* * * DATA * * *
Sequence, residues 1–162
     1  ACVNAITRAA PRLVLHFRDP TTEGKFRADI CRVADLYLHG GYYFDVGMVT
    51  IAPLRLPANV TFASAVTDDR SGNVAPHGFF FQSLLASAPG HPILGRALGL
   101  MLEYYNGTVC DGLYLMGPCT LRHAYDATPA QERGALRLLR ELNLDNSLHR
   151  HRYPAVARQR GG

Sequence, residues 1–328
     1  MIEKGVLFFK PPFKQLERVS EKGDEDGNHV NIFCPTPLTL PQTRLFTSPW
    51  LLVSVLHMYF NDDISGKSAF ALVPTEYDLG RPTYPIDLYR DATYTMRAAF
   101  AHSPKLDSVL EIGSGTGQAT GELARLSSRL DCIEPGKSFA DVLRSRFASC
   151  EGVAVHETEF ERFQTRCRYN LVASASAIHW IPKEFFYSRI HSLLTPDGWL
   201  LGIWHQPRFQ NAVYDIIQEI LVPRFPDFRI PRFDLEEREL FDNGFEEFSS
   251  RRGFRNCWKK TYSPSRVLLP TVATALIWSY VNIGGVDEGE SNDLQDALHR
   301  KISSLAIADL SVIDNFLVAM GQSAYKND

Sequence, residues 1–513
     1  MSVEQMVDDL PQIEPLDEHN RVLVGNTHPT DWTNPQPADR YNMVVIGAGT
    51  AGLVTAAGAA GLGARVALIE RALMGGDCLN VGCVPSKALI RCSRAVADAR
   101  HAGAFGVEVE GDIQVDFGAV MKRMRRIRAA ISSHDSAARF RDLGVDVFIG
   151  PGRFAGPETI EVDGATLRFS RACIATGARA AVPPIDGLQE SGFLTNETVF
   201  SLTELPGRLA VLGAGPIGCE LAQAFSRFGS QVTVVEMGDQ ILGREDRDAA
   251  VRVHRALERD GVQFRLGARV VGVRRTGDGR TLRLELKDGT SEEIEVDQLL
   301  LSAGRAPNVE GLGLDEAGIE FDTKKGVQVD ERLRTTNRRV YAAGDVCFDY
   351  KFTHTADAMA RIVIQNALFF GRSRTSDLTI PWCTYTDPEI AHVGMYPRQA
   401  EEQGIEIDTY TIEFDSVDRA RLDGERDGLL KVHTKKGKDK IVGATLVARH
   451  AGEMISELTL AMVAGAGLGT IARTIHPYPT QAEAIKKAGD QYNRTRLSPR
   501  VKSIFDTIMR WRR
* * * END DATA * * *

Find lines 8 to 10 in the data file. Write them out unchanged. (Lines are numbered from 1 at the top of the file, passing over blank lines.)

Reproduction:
    51  LLVSVLHMYF NDDISGKSAF ALVPTEYDLG RPTYPIDLYR DATYTMRAAF
   101  AHSPKLDSVL EIGSGTGQAT GELARLSSRL DCIEPGKSFA DVLRSRFASC
   151  EGVAVHETEF ERFQTRCRYN LVASASAIHW IPKEFFYSRI HSLLTPDGWL